Among the fluid characteristics of heat transfer fluids are heat transfer efficiency, which is calculated as the heat transfer coefficient, and thermal stability, which is
Among the fluid characteristics of heat transfer fluids are heat transfer efficiency, which is calculated as the heat transfer coefficient, and thermal stability, which is measured as a comparative test between fluids under the standard ASTM D6743‑11.
measured as a comparative test between fluids under the standard ASTM D6743‑11. Of all of the characteristics that define heat transfer fluid, these are the most basic.
• Heat transfer efficiency determines the performance — as well as cost of operation — of the fluid and the entire system.
• Thermal stability determines the life of the fluid. Paying more for fluids with high values in these areas pays off.
When heat transfer fluids are compared to general-purpose fluids not specifically designed for heat transfer applications, the results are measurable. Figure 1 compares the efficiency and stability from typical fluids in the market. In this example, the specifically designed heat transfer fluid is about 6 percent more efficient at 550°F (288°C). In real terms, depending on the system design, that can mean producing 6 percent more parts per hour or costing 6 percent less energy to run the system. The end user can calculate this from the published characteristics that are provided by all heat transfer fluid manufacturers. It is a combination of viscosity, specific heat, density and thermal conductivity. If these characteristics are not available from a manufacturer, I recommend you do not even consider it as a heat transfer fluid, no matter the price. Combined with flow rate, the calculation can be completed.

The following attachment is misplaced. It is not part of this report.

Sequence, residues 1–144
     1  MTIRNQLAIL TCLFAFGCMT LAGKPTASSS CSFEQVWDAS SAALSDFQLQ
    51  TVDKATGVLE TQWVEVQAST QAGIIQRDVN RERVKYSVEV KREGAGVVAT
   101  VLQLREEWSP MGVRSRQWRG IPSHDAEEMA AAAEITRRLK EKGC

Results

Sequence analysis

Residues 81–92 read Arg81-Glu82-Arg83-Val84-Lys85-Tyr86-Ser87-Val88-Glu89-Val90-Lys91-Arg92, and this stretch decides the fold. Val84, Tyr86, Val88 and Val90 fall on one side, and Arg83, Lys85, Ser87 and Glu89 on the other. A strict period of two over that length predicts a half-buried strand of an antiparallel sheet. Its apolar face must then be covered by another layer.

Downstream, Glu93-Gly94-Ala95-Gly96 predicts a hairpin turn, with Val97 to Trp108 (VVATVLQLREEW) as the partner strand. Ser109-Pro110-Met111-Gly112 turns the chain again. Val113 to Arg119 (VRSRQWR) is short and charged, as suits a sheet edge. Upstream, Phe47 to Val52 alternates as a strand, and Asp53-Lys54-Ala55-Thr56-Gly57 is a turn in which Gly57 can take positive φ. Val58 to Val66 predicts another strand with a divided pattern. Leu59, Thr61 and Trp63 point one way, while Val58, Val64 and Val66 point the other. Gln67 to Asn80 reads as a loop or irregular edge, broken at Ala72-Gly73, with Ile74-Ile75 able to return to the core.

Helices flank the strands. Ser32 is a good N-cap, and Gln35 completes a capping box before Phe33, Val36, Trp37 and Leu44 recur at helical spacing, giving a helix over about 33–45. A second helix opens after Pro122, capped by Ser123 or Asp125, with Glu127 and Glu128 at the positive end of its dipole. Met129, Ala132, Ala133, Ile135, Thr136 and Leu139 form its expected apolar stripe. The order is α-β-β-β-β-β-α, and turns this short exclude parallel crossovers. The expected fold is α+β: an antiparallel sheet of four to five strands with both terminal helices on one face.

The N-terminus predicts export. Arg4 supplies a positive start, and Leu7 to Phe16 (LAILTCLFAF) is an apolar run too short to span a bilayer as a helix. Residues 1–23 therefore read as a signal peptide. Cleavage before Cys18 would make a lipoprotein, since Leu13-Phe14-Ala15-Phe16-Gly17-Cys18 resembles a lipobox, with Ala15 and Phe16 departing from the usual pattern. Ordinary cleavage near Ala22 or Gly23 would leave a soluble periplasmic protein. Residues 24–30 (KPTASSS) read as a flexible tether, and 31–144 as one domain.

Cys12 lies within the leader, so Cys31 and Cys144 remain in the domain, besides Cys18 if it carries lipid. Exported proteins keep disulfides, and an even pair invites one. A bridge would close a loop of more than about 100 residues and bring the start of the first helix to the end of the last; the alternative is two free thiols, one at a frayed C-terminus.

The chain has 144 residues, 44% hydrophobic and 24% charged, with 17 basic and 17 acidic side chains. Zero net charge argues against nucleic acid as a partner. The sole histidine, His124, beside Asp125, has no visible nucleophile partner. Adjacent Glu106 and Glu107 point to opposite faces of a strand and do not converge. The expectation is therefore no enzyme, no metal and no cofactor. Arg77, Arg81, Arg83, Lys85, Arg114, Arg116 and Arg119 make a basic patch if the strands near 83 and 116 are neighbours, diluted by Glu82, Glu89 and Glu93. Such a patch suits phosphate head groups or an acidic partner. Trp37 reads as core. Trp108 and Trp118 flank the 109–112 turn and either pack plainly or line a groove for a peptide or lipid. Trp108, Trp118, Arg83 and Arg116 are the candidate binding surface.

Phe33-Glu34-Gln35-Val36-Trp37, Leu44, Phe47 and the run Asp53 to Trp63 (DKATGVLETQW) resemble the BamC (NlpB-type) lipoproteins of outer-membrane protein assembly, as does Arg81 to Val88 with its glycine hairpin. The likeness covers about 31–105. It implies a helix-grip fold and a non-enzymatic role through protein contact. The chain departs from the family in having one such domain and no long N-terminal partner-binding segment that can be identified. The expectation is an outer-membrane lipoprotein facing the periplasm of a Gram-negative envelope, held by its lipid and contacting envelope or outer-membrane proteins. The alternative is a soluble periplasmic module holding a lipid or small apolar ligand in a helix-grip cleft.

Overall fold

The comparative test of thermal stability shown in figure 1 traditionally has been done using a two-week test with nitrogen-purged ampules. A new ASTM standard includes a three-week test using similar methods. The nitrogen purge is used to eliminate oxygen and test the fluid based only upon its heat resistance. This test is valid because on systems operating at temperature higher than 400°F, a nitrogen or other inert gas blanket should be used on the expansion tank, or a cool expansion tank design should be used. These approaches eliminate the exposure of the hot fluid to atmosphere.
The differences between heat transfer fluid and lubricating oil technology can be made clearer by looking at the type of testing done to detect fluid degradation. Just like the oil in your car, fluids degrade. In industrial fluid applications, you are dealing with a lot more fluid than the five quarts in your car, so a frequent oil change is not practical or economical. Common practice is to test the fluid for wear and change it as required.
The primary degradation factors of heat transfer fluids are:
• Total acid number (TAN).
• Insolubles, which create system sludge.
• High and low boilers, which are molecules outside of the standard boiling range of the original formulation of the fluid.
Testing lubricating oils for degradation can get complicated because they need to be tested for some of the same things as a heat transfer fluid — like TAN — but also other criteria:
• Fine particle contaminants.
• Trace metals.
• Other items not pertinent to heat transfer fluids.
For these reasons, considering the two oils as separate products allows for proper maintenance of each kind.
Knowing the heat transfer fluid characteristics can help you choose the best fluid for the application and justifies the extra cost that accompanies a heat transfer fluid. The right fluid provides a relatively quick payback in terms of performance and long life.